Use this URL to cite or link to this record in EThOS: http://ethos.bl.uk/OrderDetails.do?uin=uk.bl.ethos.581961
Title: Developing a defence of eros : the unity of Plato's Symposium
Author: Krinks, Philip
Awarding Body: King's College London (University of London)
Current Institution: King's College London (University of London)
Date of Award: 2011
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Abstract:
The consensus, that Plato's Symposium is only loosely unified, with the early speeches of little interest and the speech of Alcibiades an appendix, is to be rejected. Instead, the dialogue fonns a complex, unified reflection on what it is for a human being to progress and on the kind of completion to be found in human life. The call to praise eros unifies the first six speeches: in the context of contemporary attacks, eros stands in need of defence. These speeches demonstrate the availability of defences, individually coherent, but mutually inconsistent, each expressing a view of the human condition. Each speech also reflects on methodology, progressively modifying encomiastic convention. Phaedrus commits to showing eros causes virtue, but a further principle is found necessary by each symposiast: specificity, completeness, understanding power, and praising characteristics directly, respectively. Socrates finds truth also necessary, but lacking in that apparently progressive sequence of defences. He follows the others' principles but in reverse order, turning things literally back to front. Socrates shows how eros leads to acts which yield a reputation for virtue in the eyes of others, and so immortality. But he then says that such virtue is a false semblance, unless someone experiences a progressive development in her own life, fonning a conception of absolute beauty. How such a person looks in the eyes of others is not said. Alcibiades' praise of .Socrates is no less a defence, since Socrates was no less under attack. A1cibiades unwittingly answers the question how Socrates looked in the eyes of others. His method, images for the sake of truth, creates a partial defence of Socrates. Alcibiades competes with Plato's whole creation, revealed as a competing set of images for the sake of a di fferent truth, about Socrates and about eros.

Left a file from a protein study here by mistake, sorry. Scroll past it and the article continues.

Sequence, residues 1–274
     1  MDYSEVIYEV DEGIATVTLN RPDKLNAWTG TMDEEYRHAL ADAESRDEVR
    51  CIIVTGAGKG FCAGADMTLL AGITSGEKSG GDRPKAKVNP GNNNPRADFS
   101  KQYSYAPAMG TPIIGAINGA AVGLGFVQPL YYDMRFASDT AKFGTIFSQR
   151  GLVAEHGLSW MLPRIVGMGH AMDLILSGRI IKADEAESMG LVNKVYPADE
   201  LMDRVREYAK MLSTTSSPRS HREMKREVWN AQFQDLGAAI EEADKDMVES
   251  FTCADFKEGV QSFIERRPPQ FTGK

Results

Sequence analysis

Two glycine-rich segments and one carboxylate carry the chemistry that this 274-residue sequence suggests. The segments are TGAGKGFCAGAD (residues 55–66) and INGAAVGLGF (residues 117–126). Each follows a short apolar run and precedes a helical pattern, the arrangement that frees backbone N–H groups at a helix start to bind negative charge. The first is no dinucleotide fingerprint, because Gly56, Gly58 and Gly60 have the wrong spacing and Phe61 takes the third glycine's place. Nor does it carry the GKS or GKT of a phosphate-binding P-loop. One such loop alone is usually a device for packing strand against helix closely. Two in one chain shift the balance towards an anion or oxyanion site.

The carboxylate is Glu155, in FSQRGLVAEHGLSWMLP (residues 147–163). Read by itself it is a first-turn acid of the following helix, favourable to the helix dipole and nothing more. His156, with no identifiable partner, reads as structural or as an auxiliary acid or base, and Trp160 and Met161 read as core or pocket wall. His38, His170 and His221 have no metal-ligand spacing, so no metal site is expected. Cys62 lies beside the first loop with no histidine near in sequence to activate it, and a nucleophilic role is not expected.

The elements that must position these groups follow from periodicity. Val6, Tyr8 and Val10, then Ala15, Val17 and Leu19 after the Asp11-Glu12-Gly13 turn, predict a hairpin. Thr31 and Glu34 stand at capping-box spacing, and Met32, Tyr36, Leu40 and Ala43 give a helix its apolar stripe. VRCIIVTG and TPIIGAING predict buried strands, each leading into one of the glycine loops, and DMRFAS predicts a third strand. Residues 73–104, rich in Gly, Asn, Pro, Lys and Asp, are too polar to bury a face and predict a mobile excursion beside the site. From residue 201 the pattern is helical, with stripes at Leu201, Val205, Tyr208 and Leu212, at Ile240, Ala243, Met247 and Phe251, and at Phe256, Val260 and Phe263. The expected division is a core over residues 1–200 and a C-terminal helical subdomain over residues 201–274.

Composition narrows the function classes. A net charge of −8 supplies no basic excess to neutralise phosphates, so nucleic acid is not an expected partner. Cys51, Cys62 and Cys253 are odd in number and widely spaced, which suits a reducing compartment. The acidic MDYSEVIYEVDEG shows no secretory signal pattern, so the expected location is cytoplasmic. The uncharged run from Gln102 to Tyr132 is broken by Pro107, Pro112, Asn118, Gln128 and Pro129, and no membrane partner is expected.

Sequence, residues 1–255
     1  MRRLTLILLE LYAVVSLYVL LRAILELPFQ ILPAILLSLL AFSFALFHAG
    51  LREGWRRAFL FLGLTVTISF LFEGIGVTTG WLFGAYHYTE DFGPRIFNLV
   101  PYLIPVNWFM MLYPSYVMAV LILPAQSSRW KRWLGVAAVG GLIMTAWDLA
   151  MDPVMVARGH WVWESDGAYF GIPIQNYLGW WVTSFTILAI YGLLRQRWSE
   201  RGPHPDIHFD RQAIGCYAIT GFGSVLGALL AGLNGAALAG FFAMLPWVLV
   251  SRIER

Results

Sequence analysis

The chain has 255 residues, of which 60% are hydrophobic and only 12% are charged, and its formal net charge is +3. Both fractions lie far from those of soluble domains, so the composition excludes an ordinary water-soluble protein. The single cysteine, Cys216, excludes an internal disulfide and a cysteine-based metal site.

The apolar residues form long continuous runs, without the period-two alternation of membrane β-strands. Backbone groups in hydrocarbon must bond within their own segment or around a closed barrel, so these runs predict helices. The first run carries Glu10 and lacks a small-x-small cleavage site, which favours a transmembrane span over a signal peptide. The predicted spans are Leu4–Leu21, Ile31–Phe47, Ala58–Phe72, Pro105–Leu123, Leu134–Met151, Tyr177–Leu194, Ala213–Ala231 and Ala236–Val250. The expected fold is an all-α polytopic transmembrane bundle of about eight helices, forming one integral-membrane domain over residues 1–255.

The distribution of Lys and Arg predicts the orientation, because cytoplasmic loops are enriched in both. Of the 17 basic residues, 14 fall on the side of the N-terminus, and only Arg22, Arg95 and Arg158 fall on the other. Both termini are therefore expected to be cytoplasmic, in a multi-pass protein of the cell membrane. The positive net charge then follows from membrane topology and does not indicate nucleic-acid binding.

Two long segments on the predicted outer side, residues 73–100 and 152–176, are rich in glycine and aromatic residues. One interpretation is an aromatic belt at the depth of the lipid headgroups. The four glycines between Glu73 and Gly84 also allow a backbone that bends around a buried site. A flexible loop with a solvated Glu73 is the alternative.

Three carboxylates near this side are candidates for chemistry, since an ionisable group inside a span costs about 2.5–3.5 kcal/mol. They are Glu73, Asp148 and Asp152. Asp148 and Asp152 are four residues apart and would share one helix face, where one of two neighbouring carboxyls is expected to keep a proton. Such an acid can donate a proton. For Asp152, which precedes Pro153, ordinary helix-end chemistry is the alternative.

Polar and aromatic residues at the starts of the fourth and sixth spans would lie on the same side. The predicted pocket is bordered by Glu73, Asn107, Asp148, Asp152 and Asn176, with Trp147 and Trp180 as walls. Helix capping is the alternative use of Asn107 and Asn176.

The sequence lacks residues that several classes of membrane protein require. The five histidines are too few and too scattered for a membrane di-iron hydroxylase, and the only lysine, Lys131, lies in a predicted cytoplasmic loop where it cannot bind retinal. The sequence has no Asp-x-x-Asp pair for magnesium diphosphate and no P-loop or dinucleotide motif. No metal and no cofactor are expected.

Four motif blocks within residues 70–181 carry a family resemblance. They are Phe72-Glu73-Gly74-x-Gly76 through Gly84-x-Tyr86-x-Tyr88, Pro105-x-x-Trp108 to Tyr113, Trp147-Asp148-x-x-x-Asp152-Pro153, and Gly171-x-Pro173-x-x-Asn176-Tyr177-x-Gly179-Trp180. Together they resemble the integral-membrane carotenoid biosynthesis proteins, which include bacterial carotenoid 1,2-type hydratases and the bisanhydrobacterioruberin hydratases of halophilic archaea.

Supervisor: Not available Sponsor: Not available
Qualification Name: Thesis (Ph.D.) Qualification Level: Doctoral
EThOS ID: uk.bl.ethos.581961  DOI: Not available
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